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Official suspended for nepotism after wildly slow athlete finishes last in 100-meter race

The runner jogged across the finish line, clocking in at about 21 seconds.
/ Source: TODAY

A viral video from a 100-meter race in China that caused confusion, plenty of laughs and claims of nepotism has now sparked an investigation into the Somali Athletic Federation. 

On Aug. 1, a women’s 100-meter event for the World University Games was held in Chengdu, China. While most track races end with the crowd focusing on who crossed the finish line first, many social media users have been fixated on the Somali sprinter who came in last. 

A clip from the race shared on X, formerly known as Twitter, shows six student athletes line up for their heat. 

The Somali sprinter in lane four, 20-year-old Nasra Abukar Ali, according to The Associated Press, steps into her starting blocks. She appears to look around at the other runners’ stance and hand placements. 

As the race begins, the Brazilian sprinter immediately takes the lead. Meanwhile, Ali lags so far behind that she is not seen on camera as the other sprinters complete the race. 

Before the clip ends, Ali jogs across the finish line, clocking in at about 21 seconds and 10 seconds behind the winner. 

The video currently has over 65 million views on X. 

Elham Garaad, who posted the clip, expressed her frustration in the tweet. 

“How could they select an untrained girl to represent Somalia in running?” she asked. “It’s truly shocking and reflects poorly on our country internationally.”

Others couldn’t help but laugh at the situation.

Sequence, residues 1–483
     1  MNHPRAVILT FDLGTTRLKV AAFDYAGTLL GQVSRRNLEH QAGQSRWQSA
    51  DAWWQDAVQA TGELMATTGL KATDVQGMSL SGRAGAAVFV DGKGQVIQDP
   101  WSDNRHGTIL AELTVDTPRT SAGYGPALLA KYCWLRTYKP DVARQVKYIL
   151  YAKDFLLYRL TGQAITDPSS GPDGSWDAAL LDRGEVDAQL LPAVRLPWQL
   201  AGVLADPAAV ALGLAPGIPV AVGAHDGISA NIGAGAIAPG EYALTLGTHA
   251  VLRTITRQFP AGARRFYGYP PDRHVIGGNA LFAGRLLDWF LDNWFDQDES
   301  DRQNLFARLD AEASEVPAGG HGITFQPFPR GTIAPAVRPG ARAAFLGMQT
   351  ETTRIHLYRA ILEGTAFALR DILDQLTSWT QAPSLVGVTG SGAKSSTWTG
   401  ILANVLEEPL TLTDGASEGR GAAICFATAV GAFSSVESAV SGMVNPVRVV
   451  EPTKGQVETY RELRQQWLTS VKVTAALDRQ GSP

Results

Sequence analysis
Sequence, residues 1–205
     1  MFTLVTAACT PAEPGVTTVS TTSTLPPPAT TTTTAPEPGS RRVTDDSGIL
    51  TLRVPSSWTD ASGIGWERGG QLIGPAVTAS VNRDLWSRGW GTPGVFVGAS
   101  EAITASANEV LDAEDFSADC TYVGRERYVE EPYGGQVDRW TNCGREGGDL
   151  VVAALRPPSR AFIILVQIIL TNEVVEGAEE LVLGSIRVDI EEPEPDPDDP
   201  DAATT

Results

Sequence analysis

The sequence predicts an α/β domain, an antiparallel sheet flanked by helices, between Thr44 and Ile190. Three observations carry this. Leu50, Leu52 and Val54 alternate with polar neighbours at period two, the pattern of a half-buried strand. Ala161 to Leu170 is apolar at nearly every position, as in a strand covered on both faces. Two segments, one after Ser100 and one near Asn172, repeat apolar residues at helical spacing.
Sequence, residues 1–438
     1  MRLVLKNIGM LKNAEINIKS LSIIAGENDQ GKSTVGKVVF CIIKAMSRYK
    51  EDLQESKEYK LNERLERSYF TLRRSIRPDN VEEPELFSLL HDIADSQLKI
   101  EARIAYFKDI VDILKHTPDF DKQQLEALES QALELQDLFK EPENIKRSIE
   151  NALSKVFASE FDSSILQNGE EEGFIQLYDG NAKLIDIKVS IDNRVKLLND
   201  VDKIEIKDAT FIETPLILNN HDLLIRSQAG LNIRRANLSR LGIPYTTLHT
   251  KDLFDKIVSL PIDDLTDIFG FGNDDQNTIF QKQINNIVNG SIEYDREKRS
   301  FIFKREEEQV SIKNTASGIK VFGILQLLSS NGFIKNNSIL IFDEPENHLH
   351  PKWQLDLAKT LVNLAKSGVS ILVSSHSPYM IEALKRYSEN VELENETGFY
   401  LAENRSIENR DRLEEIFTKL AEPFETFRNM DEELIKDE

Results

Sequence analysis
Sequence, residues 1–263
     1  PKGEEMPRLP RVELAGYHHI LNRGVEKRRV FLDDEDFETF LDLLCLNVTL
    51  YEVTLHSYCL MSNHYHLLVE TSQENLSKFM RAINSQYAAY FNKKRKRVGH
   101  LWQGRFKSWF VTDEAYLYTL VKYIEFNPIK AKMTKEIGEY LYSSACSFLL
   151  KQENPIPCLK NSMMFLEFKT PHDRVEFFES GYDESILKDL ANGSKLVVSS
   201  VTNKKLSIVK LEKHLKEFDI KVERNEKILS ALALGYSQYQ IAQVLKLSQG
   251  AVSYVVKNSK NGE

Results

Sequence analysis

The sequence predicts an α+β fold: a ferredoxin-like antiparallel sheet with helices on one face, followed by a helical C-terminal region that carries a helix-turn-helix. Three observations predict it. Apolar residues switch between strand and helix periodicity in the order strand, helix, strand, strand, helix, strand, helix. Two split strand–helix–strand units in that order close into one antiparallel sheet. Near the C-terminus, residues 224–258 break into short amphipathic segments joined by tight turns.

“That ‘woo that was a workout!’ skip at the end had me inconsolable,” one person said

Another wrote, “We don’t truly appreciate how funny the world is.”

Some were so confused they wondered if the video was real.

‘This must be a skit,” one person tweeted

Following some outrage and thousands of reactions to the viral clip, Somali’s Ministry of Youth and Sports announced on Aug. 2 that Khadijo Aden Dahir, the chairwoman of the Somali Athletics Federation, should be suspended. 

The ministry said in a statement posted on X that it conducted an investigation and found that Ali was determined to be neither “sports person nor a runner.” 

The statement also said Dahir “engaged in acts of abuse of power, nepotism, and defaming the name of the nation in international arena.” 

Dahir and other “individuals responsible for the falsification of the Somali University Sports Association” might also face legal consequences, the statement said. 

The name of the Minister of Youth and Sports, Mohamed Barre Mohamud, was included at the end of the signed suspension recommendation. 

He said the ministry is unsure why Ali was chosen to participate in the 100-meter race, according to The Associated Press. 

The outlet also reported that Somalia’s university union confirmed it did not send any runners to the sporting event to represent the official Somali team. 

On Aug. 2, the Somali Olympic Association temporarily suspended Dahir following the recommendation from the ministry, the Somali National News Agency reported.